- No shipping of any physical product to any distributor. (Just as Netflix put Blockbuster out of business, there is no software on a CD to distribute to retailers).
- No retail space needed (no contracts or partnerships to worry about, which further reduces costs for the end-user and increases profits for the vendor).
- Much more accurate metrics on usage, which guides product development.
- No exorbitant one-time license, but a much more manageable recurring subscription.
- No (or few) technical requirements to meet.
- No IT department needed in-house.
- Near instantaneous deployment (zero local installation and minimal configuration).
- New upgrades and security patches are done automatically and in the background
- Wide variety of tech support is usually included, from extensive documentation to live chat to good old fashioned phone calls (in some cases)..
- Scalability. No more optimistic over-reach. Subscribe to exactly what you need, and upgrade when you’re ready.
- Compatibility. Remember when Microsoft Word documents could not be opened if the other user had a different version of Word installed? Or when the other user had a different platform altogether (Mac vs PC)? With SaaS, all users access the exact same software. Compatibility issues all but disappear.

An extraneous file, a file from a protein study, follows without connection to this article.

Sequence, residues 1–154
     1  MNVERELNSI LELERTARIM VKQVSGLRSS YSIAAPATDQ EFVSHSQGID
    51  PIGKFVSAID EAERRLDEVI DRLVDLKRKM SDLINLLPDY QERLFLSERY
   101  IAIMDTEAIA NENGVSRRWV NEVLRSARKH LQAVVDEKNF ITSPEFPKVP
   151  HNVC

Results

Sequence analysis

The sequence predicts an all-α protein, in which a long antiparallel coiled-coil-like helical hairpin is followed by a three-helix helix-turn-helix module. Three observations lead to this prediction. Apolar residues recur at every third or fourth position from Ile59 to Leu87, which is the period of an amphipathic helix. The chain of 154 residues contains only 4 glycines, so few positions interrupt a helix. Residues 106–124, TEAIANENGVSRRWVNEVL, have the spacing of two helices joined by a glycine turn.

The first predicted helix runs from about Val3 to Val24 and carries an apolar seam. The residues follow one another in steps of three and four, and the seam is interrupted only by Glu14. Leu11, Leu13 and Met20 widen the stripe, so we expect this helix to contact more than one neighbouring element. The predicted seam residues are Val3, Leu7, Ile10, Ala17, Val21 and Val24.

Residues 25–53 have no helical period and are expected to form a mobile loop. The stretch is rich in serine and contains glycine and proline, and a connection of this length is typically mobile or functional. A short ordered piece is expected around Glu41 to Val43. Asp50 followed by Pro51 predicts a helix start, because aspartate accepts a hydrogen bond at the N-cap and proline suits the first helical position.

- Ubiquity. Need to access your software admin when you’re out of the office? As long as you know your user name and password, you have full access to your software subscription from any internet connected computer. If you’re traveling, simply go to your hotel’s data center or a library and log in to get some impromptu work done. Many SaaS developers also support access from mobile devices, so your tablet can be your go-anywhere workstation.
If the budget-friendly perks of SaaS were its only benefit, that would still be monumental. SaaS allows you to lease something beyond your normal budget limits, greatly extending your purchasing power. If a piece of software costs a one-time $1500, but you subscribe to its service for $30/mo, you’ll have paid for the software in full in 50 months (a little over 4 years). But that’s 4 years of doing business that you might not have been able to accomplish otherwise.
But wait! There’s more! See also “Extensibility” below, as a single perk deserving of its own subheading.
Drawbacks of SaaS
It’s not all sunshine and rainbows, but nearly. Here are some of the trade-offs.
For Software Vendors: